Fossils Tell of Long Ago

Front Cover
HarperCollins Publishers, Mar 28, 1990 - Juvenile Nonfiction - 32 pages
4 Reviews
Sometimes it's the imprint of an ancient leaf in a rock. Sometimes it's a woolly mammoth, frozen for thousands of years in the icy ground. Sometimes it's the skeleton of a stegosaurus that has turned to stone.

From inside the book

What people are saying - Write a review

LibraryThing Review

User Review  - mmg020 - LibraryThing

This is a great book to introduce to young readers to introduce the topic of dinosaurs. This helps connect the curiosity of a child and the wonders they might have about fossils. This is a great book to read to students when introducing the historical concept of dinosaurs. Read full review

LibraryThing Review

User Review  - brownkatie - LibraryThing

Summary: This is an informational book about fossils, it explains and illustrates how they are made and formed. It also tells of different types of fossils and also shows the reader how they can make ... Read full review

Contents

Section 1
3
Section 2
9
Section 3
18
Copyright

1 other sections not shown

Other editions - View all

About the author (1990)

Aliki was born Aliki was born on September 3, 1929 in Wildwood Crest, New Jersey and raised in Philadelphia, PA. She graduated from the Philadelphia Museum College of Art in 1951. After college, she worked in the display department at J. C. Penney Co. in New York for a year and then as a free-lance artist and art teacher in Philadelphia. In 1956 she spent several months traveling, painting, and sketching in Europe. In 1957, Aliki married Franz Brandenberg, also a writer, and they settled in Switzerland, where she worked as a free-lance artist. In 1960 the Brandenbergs moved to New York City. Aliki continued to write and illustrate children's books, both fiction and nonfiction. As well as illustrating her own works, she has also illustrated over fifty books for others, including those of her husband Franz, Joanna Cole and Paul Showers. Aliki and her family moved to England in 1977 where she continues to write and illustrate. She has been the recipient of many honours including the New York Academy of Sciences Children's Book Award and the Prix du Livre pour Enfants (Geneva). She received the New Jersey Institute of Technology Award for The Listening Walk in 1961 and for Bees and Beelines in 1964, the Boys Club of America Junior Book Award for Three Gold Pieces: A Greek Folk Tale in 1968, and the Children's Book Showcase for At Mary Bloom's in 1977. She also won the New York Academy of Sciences (younger) Award for Corn Is Maize: The Gift of the Indians in 1977 and the Garden State Children's Book Award (younger nonfiction) for Mummies Made In Egypt in 1982.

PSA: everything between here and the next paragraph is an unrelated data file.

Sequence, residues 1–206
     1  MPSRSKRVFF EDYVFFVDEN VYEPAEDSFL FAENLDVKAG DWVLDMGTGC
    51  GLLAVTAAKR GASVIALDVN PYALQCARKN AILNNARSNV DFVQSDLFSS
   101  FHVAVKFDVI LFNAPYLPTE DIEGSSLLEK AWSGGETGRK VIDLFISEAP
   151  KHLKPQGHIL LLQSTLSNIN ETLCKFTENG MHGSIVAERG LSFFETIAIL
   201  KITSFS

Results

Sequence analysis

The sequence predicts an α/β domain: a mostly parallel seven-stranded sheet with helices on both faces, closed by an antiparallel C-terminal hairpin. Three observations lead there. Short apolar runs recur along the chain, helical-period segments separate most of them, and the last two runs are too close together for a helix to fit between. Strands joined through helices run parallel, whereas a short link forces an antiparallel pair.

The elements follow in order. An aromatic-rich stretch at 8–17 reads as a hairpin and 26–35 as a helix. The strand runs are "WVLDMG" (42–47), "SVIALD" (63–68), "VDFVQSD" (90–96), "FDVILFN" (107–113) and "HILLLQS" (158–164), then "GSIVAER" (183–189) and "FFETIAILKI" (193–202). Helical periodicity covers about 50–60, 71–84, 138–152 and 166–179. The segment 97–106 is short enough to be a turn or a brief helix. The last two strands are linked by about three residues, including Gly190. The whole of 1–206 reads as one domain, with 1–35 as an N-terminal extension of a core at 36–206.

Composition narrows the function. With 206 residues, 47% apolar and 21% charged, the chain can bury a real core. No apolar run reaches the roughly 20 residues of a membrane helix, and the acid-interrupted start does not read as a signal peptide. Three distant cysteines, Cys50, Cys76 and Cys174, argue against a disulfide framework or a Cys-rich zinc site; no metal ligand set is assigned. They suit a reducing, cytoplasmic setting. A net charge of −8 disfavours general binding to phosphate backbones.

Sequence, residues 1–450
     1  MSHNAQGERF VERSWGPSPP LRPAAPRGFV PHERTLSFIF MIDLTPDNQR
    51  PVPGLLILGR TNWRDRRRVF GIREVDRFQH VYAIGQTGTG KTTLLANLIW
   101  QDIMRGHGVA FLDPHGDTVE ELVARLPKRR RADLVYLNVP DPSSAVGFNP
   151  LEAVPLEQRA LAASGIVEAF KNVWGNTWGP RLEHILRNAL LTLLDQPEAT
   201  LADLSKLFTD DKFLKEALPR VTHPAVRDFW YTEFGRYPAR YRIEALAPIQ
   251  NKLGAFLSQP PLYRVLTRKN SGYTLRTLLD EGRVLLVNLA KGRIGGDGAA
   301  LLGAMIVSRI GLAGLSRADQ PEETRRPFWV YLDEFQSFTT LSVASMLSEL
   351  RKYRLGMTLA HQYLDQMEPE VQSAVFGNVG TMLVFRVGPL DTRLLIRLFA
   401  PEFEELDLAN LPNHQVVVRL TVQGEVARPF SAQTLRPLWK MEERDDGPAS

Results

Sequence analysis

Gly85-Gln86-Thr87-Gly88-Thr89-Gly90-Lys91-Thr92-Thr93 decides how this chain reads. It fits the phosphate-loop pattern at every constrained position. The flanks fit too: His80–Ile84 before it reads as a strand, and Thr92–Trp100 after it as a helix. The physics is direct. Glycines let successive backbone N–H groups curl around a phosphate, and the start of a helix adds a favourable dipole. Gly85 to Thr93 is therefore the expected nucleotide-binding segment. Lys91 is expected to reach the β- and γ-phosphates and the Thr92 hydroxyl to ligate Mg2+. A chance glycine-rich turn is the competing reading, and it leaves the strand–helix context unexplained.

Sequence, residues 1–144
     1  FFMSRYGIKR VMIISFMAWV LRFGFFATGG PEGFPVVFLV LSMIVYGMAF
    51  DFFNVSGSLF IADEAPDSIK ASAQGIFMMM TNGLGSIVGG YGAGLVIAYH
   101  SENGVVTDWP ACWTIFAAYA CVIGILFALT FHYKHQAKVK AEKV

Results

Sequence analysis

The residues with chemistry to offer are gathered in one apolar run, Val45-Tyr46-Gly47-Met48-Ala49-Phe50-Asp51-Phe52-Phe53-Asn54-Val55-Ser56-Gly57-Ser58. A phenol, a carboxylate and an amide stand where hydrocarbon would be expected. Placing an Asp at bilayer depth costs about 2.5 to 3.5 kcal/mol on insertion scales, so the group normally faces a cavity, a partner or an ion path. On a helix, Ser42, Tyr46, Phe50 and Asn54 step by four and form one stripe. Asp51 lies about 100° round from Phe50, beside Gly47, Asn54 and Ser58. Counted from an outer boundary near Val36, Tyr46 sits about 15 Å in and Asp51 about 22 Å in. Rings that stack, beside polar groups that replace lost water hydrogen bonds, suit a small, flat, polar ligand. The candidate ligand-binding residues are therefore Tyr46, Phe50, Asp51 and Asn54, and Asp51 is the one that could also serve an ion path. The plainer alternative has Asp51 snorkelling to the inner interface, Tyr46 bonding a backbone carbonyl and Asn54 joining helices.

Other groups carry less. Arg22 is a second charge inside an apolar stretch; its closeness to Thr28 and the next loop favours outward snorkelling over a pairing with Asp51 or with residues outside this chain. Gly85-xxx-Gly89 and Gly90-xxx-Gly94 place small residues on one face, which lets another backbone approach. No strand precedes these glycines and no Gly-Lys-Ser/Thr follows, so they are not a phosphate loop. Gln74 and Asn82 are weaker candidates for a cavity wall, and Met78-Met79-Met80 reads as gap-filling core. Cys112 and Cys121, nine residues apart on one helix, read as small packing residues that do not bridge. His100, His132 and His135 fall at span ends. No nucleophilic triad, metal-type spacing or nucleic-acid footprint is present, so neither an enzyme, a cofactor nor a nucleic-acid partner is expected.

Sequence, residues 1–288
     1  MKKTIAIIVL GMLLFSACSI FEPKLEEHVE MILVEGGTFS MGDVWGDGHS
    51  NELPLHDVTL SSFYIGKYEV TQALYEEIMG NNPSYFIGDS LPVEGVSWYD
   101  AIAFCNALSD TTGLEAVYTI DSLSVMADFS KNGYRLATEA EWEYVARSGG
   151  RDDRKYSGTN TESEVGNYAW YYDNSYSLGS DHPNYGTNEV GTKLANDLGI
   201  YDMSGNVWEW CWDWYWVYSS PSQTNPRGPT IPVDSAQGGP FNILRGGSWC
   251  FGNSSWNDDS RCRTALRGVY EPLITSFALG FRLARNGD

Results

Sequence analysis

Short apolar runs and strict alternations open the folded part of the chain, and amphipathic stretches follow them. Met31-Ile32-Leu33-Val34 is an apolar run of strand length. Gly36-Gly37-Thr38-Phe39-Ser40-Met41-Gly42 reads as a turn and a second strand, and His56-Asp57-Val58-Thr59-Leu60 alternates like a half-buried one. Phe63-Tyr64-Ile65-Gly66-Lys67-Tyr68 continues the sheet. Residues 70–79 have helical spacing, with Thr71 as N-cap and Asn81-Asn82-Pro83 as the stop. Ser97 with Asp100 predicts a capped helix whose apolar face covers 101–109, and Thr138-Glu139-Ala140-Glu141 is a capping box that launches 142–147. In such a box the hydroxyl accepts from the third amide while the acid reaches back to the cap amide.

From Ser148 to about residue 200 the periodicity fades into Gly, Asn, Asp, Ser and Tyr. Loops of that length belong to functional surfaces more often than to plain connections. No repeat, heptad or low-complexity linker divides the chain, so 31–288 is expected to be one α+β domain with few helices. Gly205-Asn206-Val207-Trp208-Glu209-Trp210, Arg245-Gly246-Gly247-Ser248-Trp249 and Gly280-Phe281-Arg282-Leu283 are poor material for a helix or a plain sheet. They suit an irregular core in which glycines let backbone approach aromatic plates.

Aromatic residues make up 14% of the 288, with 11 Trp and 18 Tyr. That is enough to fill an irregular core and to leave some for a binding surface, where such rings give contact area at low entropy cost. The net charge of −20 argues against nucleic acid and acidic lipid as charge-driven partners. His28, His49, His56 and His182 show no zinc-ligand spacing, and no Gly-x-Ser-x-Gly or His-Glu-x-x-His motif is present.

Bibliographic information